Category Archives: National Parks


Billy Goat Trail Section A (Potomac, Maryland)

[confirmation]Experience level: 2/5 | Get ready to rock scramble![/confirmation]


It was the dead of winter and we were tired of sitting indoors and looking at each other, haha, so we needed to get outside for a little bit.  We did some research to see what hikes were close by, and found this awesome trail.  We hiked the Billy Goat Trail Section A which is located in Great Falls National Park on the Maryland side.  We parked right next to the Great Falls Tavern Visitor Center.

The blue blazes guided us through this 1.7 mile zig-zagging trail that runs adjacent to the Potomac River. We only wish that we had hooves and a bun protector as we slid, gripped, climbed, and leaped over the huge boulders. From afar, the vertical incline that we came across looked daunting, but getting to scale the giant rock was exhilarating. The views of the transparent turquoise water and the white craggy mountain background were spectacular. This trail was so much fun that when we finished, we were bleating to do it all over again!  (hehe.)  After we finished the trail, which lead us back to the towpath, we walked an additional 1.7 miles back to the parking lot.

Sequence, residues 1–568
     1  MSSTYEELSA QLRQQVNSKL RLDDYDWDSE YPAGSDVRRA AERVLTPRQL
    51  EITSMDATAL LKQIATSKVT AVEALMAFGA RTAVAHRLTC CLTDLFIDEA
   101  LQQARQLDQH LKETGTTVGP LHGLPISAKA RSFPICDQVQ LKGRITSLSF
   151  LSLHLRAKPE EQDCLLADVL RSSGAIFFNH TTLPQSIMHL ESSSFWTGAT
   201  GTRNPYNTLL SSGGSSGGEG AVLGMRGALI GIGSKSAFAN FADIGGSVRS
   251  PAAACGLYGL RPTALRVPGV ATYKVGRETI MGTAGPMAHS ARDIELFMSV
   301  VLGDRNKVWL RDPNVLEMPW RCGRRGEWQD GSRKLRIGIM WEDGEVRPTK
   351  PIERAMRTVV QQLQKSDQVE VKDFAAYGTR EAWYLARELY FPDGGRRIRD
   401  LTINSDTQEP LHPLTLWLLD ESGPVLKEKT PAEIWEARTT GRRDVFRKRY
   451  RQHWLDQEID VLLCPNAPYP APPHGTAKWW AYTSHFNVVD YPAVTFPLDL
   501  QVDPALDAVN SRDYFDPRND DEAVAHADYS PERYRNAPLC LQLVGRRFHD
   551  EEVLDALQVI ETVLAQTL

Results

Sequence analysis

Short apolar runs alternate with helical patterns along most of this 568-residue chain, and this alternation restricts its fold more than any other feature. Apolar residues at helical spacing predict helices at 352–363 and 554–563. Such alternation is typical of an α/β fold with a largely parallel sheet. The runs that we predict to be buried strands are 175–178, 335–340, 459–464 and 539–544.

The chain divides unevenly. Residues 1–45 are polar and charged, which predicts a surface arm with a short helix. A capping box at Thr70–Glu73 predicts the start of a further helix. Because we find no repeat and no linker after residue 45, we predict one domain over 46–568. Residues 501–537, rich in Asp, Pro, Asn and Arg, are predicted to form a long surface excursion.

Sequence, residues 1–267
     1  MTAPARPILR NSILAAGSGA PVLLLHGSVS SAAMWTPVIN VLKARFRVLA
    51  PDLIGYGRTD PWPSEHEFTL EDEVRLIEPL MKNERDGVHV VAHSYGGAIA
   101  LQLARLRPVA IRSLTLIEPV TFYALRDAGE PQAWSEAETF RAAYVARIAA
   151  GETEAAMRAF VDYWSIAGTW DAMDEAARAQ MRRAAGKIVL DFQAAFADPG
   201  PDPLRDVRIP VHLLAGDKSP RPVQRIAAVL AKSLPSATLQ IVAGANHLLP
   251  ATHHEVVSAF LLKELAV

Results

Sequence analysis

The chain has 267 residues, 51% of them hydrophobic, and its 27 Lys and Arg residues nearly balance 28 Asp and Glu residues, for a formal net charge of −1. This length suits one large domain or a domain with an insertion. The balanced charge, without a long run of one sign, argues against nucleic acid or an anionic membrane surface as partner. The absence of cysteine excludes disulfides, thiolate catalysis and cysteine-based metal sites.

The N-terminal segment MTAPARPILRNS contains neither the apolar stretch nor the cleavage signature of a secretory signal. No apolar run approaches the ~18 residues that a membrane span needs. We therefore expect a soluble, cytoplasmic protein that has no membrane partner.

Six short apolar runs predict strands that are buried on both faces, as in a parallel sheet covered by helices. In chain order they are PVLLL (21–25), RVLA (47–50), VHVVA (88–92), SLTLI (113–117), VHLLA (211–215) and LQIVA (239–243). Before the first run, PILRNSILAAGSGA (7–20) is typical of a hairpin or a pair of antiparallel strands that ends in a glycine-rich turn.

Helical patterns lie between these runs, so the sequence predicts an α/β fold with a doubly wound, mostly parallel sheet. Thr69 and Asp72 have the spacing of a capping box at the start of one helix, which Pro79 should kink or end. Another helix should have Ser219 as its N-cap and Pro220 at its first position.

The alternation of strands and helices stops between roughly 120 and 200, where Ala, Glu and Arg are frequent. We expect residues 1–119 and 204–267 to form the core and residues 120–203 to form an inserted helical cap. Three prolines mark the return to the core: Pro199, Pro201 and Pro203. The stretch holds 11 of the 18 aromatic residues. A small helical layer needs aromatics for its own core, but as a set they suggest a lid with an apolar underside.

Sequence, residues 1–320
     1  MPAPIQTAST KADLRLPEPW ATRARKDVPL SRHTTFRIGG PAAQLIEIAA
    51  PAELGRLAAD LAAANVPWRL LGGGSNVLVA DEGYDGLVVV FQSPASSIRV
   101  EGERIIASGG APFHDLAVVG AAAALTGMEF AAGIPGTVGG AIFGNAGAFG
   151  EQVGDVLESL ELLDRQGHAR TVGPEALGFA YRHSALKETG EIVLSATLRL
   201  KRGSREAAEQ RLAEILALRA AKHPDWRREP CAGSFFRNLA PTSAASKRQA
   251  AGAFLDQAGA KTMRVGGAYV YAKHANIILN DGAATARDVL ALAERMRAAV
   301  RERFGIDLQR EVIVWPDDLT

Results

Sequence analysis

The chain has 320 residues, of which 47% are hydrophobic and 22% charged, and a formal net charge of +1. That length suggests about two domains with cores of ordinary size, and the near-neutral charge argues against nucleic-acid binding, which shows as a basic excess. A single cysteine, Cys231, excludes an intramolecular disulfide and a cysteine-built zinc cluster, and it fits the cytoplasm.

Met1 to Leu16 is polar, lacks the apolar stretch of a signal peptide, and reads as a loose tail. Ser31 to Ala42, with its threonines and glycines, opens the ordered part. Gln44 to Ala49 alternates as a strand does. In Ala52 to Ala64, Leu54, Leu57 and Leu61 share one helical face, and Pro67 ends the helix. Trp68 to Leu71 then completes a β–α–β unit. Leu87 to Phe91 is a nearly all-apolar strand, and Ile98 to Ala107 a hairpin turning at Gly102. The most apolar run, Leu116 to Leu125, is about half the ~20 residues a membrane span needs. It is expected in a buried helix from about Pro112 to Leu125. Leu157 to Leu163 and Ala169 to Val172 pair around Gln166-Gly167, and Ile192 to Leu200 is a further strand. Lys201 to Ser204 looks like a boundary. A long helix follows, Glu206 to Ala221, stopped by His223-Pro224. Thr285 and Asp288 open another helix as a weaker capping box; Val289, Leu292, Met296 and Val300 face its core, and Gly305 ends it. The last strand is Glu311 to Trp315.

[warning]Don’t forget your hooves…wear shoes that have good traction![/warning]


CanonSD Powershot 1000, CamelBak, Cliff Bars, warm layers, hiking boots, sneakers, gloves, scarves, sunglasses, and a wool hat, and a fleece headband.


Our favorite part of the trail was scrambling over the huge boulders.  We loved sitting at the edge of the cliff and watching the kayakers come racing down through the Gorge.  Unbeknownst to us, we came upon a cliff face on the trail that we got to scale.  The cliff face was icy and we had to get a little creative climbing it, but it was so much fun.  The trail was pretty muddy from all of the melted snow.


People, kayakers, ducks, and beautiful scenery.  After we went on our hike we walked along the towpath and then walked down to view the amazing Falls.